Prey has arrived on Hulu. How do you revitalize the Predator franchise? After so many sequels that grow less and less compelling with more of the alien revealed, sometimes you just need to go back to your roots. Sometimes you need to go even further.

Prey exists as a prequel of sorts. It takes place long before the events of the first film but doesn’t rely on them either. It’s a new setting, new characters, and a whole new love for the grizzly tale of man vs. alien in a vicious environment.

A Warrior’s Ambition

Prey is set in 1700s North America. Within the Comanche tribe is Naru (Amber Midthunder), a girl who studies both medicine and hunting. The tribe would prefer Naru to remain more of a healer than a hunter but that’s not her style.

Naru wants to prove herself and feels that the only way to do so is to impress her brother, Taabe (Dakota Beavers). Taabe is perhaps the only warrior that has a bit of faith in Naru, despite the feelings of the male hunters. She sets her sights on a rite of passage but it may not be enough to assert her role.

An Alien Invader

As if the forces of nature and vicious French fur traders weren’t enough to worry about, the Comanche tribe now has to contend with the Predator alien. Arriving with all its fancy tech, the Predator aims to get some sporting hunts in on its Earth trip. It starts off small by attacking snakes and wolves before moving on to bears.

Naru encounters this creature and realizes it’s going to take more than brute force to beat this alien. It doesn’t take long for this advanced alien hunter to gore an onslaught of humans. For beating this thread, Naru needs to work smarter not harder.

Clever Girl

Naru is such a great character to have in a film like Prey. She spends the first act of the film building up her skill and intelligence to be a cunning hunter. There’s great foreshadowing in how she uses medicine, her environment, and an ax she can retract with each throw.

I also really dug how she reacts to a world that scorns her. She’ll talk back but only to the degree where she needs to save as many as she can. Even in moments of terror, she won’t let anyone die if she doesn’t have to.

Brutal Kills

Despite Naru’s good intentions, however, the Predator is a very blood-thirsty beast. The creature spends half the movie cloaked in as much mystery as its cloaking shield. Then Predator springs into action with grotesque violence, decapitating heads and lopping off limbs.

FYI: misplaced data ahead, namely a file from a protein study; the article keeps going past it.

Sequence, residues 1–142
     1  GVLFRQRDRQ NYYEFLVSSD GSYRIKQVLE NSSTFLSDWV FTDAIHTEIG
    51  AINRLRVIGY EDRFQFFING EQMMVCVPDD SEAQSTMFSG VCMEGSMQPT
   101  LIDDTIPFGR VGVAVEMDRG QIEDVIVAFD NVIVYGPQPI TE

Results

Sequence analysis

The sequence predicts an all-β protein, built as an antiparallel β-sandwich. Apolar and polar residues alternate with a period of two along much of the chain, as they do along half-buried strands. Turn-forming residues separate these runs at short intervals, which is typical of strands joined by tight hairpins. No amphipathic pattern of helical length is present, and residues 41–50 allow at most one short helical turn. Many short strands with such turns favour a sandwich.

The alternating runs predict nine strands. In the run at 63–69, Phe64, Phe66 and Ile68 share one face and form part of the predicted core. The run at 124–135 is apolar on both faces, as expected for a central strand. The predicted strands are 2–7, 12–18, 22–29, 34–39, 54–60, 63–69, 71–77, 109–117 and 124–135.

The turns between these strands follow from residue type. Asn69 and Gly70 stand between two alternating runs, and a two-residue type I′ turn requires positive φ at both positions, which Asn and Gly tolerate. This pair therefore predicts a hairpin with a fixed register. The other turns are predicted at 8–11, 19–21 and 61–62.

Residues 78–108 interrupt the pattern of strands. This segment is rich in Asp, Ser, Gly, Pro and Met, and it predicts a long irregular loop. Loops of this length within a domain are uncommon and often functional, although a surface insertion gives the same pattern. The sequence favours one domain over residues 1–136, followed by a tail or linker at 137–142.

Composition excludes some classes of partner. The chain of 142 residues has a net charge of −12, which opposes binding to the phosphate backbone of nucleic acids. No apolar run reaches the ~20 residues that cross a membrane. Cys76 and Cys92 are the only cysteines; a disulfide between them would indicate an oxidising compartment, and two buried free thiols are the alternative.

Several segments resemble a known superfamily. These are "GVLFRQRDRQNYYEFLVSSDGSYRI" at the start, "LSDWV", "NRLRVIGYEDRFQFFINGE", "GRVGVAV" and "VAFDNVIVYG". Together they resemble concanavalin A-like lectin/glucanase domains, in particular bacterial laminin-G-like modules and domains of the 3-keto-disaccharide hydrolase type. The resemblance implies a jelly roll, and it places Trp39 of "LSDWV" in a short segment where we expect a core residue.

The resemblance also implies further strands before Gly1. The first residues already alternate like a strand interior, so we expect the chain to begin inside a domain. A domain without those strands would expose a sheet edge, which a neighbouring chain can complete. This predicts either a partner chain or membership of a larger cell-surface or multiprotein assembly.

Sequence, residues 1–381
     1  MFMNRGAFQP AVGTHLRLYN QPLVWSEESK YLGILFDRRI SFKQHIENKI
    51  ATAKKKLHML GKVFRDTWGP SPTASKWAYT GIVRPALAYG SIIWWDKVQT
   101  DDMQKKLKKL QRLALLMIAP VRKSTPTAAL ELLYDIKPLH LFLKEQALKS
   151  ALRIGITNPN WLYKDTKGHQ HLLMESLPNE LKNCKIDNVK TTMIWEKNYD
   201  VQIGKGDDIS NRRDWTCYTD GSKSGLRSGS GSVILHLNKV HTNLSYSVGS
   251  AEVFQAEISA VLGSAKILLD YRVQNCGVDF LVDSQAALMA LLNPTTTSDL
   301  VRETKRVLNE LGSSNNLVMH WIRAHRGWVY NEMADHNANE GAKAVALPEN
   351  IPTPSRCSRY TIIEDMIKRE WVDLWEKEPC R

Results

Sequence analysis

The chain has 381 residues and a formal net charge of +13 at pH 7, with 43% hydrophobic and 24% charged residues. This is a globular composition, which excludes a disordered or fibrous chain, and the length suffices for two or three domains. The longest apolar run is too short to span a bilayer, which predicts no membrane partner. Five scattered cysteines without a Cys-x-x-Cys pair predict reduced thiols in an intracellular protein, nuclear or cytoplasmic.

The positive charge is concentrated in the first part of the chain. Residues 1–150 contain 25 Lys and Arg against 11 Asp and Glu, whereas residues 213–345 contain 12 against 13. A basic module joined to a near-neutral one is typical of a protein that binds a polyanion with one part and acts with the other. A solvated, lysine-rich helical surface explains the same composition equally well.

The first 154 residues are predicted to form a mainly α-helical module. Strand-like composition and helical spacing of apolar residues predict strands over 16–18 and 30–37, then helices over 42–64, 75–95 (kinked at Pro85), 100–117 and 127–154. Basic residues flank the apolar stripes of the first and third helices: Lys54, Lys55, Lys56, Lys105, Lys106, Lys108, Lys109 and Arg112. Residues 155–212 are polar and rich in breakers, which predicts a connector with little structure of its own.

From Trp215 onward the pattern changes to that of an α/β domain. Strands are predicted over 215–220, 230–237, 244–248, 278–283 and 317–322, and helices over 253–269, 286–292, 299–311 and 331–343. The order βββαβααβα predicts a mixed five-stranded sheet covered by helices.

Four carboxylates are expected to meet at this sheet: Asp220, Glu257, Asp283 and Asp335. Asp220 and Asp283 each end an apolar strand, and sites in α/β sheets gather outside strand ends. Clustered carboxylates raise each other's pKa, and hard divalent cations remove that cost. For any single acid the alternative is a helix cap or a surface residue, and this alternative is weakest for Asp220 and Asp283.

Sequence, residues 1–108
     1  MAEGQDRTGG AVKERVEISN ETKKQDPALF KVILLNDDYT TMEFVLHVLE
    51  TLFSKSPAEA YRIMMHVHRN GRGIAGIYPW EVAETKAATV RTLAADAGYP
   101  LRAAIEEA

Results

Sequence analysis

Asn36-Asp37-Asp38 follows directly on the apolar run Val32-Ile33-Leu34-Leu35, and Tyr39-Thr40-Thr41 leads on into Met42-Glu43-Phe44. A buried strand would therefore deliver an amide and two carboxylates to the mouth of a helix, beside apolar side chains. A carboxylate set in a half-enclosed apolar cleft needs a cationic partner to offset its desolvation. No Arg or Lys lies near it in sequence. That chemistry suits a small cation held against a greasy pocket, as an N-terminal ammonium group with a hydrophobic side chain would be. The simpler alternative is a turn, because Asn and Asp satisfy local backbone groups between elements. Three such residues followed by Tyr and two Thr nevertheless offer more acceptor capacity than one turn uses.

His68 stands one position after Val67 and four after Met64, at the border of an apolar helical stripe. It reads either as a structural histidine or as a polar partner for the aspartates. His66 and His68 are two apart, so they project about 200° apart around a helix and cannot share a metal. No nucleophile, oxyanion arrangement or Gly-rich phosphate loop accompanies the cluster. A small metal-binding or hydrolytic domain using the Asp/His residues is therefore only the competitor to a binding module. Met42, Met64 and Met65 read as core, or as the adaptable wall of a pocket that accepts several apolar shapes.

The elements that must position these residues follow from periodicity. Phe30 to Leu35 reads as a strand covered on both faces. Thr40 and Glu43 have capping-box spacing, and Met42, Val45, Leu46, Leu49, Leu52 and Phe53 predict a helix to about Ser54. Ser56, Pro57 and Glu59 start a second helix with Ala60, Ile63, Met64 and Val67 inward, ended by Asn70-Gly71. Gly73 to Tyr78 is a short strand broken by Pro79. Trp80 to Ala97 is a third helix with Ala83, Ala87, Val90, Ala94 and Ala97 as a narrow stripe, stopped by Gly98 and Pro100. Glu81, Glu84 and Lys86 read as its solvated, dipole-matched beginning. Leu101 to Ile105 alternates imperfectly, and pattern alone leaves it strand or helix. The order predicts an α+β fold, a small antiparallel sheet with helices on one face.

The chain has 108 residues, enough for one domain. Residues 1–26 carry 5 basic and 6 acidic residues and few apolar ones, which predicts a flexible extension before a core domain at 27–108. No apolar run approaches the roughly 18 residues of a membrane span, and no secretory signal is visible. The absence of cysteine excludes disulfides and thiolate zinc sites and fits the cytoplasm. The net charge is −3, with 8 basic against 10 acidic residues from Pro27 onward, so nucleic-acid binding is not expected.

Prey even gets a bit playful with these violent ordeals. A band of cocky French fur traders gets the worst of the creature’s assault. Their deaths range from the disgusting (a sliced off with its shield) to the comical (a ricocheted bullet off the Predator’s shield at point-blank range).

One Well-Armed Alien in Prey

You get a lot of cool Predator weapons in this entry. There’s a shield that doubles as a weapon, laser-guided arrows, blades in the arms, and a device that seems to shoot out limb-slicing discs. These are all slowly divulged as the movie proceeds, amping up the tension with each encounter.

The look of this Predator is also far more distinct than in previous movies. The Predator’s jaw is far more extended, making it look all the more threatening. The Predator’s helmet is a simpler design of bone, strangely fitting the time period well.

Of course, the best part of this Predator is keeping it in the shadows for the longest time. The slow progression of establishing this thread makes one want to lean in with excitement. It’s been a long time since I’ve ever felt that in a Predator movie.

A Spiritual Spin-Off

What makes Prey so engaging is that it feels almost completely distant from Predator lore. For those wondering if you need to see the other Predator movies before this one, you can rest easy. There’s no foreknowledge required to enjoy this romp.

There are little nuggets of callbacks in the picture. At one point, Taabe tells his sister some inspiring words about the Predator: “If it bleeds, we can kill it.”

Thankfully, the film never gets bogged down in its winking and callbacks. The references are so limited that they’re like tiny sprinkles for the fans. Even if you’re not big on callbacks, the movie never stops throwing a big neon sign toward the references.

Conclusion: Prey

Prey is such a brutal and exciting picture that it transcends being just another Predator movie. It’s a picture that tinkers with the concept and turns out something almost entirely original. It also manages to be just as violent and intense as the original Predator movie without harping too much on its format.

The premise works so well that it’s enough to make one question if the Alien franchise should delve back in time. Victorian era, perhaps? Maybe not but the new setting certainly works for this Predator picture, however you want to slice and dice it.

Did you see Prey? What did you think of the movie? How does it compare to previous Predator movies? Let us know in the comments below.

Prey is currently playing on Hulu.


Comments are closed.

Exit mobile version